Access Type

Open Access Dissertation

Date of Award

January 2016

Degree Type


Degree Name



Social Work

First Advisor

Angelique Day


Youth who have experienced psychological trauma, such as court-involved youth, encounter unique challenges and barriers to their academic success (Burley & Halpern, 2001; Courtney et al., 2001; Courtney, Terao & Bost, 2004; Pecora et al., 2005). For court-involved students, many of whom come from racial/ethnic minority backgrounds (Brandt, 2006; Lawrence & Hesse, 2010; U.S. Department of Health and Human Services, 2013b), a school’s response to student behavior can further complicate these challenges (Cole et al., 2005). Unfortunately, little research exists on the educational well-being of female students in this population (Crenshaw, Ocen, & Nanda, 2015) and trauma-informed educational practices have not been extensively tested. In response, this three-paper. study examined the use of a trauma-informed teaching intervention in a school that exclusively serves court-involved, female students. First, I qualitatively explored the perceptions and experiences of students at both a trauma-informed school (N=42) and a non-trauma-informed comparison school (N=34). Next, I quantitatively assessed the associations between the intervention and 109 students’ trauma symptoms and self-esteem over the first three years of implementation of the trauma-informed intervention. Finally, I used mixed methods to examine 71 students’ use and perceptions of the Monarch Room (MR), the school’s trauma-informed alternative to suspension/expulsion practices. Findings illustrate more positive student experiences in the trauma-informed school environment, decreased trauma symptoms across three years of intervention implementation, increases in student use of the MR, positive student perceptions of the MR, and suggestions for MR improvement. Implications for policy and practice are addressed, along with considerations for future research.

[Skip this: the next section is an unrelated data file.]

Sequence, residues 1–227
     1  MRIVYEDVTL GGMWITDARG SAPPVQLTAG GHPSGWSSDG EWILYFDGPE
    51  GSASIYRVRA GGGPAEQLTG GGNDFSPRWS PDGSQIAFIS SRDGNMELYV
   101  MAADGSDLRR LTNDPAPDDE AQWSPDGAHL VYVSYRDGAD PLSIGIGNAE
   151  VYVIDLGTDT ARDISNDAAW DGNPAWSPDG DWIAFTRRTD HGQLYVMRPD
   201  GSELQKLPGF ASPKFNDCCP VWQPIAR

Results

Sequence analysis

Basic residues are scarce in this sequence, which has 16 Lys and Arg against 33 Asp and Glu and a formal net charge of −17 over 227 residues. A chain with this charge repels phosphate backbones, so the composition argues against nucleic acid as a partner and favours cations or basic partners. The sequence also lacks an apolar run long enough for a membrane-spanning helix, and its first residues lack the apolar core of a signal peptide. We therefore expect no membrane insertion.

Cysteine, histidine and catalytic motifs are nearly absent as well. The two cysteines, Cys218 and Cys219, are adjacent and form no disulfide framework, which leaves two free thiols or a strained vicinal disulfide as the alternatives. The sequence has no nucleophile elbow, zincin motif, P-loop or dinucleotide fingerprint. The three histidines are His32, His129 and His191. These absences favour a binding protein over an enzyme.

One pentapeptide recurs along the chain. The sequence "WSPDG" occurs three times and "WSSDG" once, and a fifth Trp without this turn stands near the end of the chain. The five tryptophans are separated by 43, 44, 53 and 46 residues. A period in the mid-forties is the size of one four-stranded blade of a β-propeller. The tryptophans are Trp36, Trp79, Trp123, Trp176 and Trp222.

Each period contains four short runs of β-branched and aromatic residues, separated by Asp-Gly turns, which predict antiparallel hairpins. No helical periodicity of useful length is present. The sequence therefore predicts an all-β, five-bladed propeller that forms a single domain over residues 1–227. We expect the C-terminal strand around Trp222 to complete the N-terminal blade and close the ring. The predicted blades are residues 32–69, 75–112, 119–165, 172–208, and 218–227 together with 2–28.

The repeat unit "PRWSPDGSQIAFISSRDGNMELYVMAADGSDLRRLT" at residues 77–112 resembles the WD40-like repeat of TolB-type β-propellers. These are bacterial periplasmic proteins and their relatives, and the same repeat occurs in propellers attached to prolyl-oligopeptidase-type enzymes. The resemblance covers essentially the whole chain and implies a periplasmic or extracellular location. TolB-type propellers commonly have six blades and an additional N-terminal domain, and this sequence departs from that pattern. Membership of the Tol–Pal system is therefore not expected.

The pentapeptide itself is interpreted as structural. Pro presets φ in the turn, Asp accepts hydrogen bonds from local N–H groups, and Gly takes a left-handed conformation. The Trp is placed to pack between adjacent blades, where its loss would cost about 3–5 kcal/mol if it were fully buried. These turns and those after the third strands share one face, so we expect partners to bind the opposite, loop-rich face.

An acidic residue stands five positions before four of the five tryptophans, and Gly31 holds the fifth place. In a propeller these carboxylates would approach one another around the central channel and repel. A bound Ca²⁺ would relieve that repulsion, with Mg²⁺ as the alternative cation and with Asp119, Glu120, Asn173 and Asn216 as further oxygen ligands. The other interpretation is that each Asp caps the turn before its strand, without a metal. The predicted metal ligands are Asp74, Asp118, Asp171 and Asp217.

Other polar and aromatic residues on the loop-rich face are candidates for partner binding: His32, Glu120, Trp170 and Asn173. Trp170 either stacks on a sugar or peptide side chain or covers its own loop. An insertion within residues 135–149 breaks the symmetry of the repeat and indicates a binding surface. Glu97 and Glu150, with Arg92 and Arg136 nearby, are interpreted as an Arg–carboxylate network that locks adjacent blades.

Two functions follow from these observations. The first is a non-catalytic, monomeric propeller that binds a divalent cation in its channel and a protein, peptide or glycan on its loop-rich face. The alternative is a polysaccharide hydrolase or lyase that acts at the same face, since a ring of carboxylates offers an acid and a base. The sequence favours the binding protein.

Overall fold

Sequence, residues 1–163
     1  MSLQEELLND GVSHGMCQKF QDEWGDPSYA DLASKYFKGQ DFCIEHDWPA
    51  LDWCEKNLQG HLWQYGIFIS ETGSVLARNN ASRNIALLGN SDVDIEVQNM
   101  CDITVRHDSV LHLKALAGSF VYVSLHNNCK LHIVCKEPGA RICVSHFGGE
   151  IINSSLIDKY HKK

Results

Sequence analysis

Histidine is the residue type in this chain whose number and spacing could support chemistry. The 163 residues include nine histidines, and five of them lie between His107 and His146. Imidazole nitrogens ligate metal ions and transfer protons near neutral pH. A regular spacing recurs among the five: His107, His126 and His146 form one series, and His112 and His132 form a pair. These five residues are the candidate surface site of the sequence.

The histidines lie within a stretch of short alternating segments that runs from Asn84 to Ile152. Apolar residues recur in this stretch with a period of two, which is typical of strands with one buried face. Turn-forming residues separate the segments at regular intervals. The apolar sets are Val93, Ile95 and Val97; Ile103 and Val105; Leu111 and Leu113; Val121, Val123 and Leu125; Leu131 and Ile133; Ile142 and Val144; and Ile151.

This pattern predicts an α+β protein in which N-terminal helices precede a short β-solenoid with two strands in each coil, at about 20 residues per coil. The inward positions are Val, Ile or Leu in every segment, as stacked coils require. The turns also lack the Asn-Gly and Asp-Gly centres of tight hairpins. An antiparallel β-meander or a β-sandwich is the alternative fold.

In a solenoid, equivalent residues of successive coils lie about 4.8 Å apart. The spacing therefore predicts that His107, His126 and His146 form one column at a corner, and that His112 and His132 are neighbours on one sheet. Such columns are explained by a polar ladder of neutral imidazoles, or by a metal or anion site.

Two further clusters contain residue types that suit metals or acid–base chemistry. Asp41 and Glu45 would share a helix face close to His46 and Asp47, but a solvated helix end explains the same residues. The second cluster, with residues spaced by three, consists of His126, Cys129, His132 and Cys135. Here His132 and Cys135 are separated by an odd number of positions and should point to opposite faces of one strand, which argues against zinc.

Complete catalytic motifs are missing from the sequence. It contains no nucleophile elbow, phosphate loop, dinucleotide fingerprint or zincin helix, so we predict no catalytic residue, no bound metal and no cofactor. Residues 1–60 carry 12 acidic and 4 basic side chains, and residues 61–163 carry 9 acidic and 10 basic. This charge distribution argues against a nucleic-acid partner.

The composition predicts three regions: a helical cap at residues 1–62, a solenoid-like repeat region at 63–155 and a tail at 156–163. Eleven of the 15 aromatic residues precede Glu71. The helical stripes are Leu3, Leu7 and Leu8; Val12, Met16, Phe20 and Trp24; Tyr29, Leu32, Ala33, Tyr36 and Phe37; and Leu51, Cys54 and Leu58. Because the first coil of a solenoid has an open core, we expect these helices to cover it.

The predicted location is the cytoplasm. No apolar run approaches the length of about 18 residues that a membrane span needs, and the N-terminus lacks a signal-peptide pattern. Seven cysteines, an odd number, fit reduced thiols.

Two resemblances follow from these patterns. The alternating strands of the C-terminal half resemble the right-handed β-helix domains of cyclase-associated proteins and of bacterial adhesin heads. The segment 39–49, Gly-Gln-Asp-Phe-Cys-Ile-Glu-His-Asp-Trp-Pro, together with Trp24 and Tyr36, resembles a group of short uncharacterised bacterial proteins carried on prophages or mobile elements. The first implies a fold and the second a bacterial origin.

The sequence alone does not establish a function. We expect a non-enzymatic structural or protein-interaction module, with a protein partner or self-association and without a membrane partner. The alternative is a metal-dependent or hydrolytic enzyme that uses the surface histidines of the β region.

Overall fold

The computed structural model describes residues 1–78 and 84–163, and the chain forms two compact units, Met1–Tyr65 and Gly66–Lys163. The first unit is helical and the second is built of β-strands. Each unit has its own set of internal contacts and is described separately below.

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Social Work Commons